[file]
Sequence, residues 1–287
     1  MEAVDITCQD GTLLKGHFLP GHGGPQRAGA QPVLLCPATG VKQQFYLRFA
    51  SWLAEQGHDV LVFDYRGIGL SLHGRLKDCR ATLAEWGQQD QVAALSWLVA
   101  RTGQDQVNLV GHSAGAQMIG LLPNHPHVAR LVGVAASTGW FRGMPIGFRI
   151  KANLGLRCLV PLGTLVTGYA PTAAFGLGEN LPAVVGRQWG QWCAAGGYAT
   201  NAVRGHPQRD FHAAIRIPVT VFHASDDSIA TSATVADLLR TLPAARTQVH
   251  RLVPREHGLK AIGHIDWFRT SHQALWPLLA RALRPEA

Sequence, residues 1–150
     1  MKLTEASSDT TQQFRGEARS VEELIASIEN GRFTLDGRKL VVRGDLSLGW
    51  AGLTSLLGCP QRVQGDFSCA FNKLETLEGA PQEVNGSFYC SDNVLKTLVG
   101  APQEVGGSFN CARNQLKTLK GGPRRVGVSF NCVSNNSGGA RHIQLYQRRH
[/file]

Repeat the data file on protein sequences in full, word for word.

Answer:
Sequence, residues 1–287
     1  MEAVDITCQD GTLLKGHFLP GHGGPQRAGA QPVLLCPATG VKQQFYLRFA
    51  SWLAEQGHDV LVFDYRGIGL SLHGRLKDCR ATLAEWGQQD QVAALSWLVA
   101  RTGQDQVNLV GHSAGAQMIG LLPNHPHVAR LVGVAASTGW FRGMPIGFRI
   151  KANLGLRCLV PLGTLVTGYA PTAAFGLGEN LPAVVGRQWG QWCAAGGYAT
   201  NAVRGHPQRD FHAAIRIPVT VFHASDDSIA TSATVADLLR TLPAARTQVH
   251  RLVPREHGLK AIGHIDWFRT SHQALWPLLA RALRPEA

Sequence, residues 1–150
     1  MKLTEASSDT TQQFRGEARS VEELIASIEN GRFTLDGRKL VVRGDLSLGW
    51  AGLTSLLGCP QRVQGDFSCA FNKLETLEGA PQEVNGSFYC SDNVLKTLVG
   101  APQEVGGSFN CARNQLKTLK GGPRRVGVSF NCVSNNSGGA RHIQLYQRRH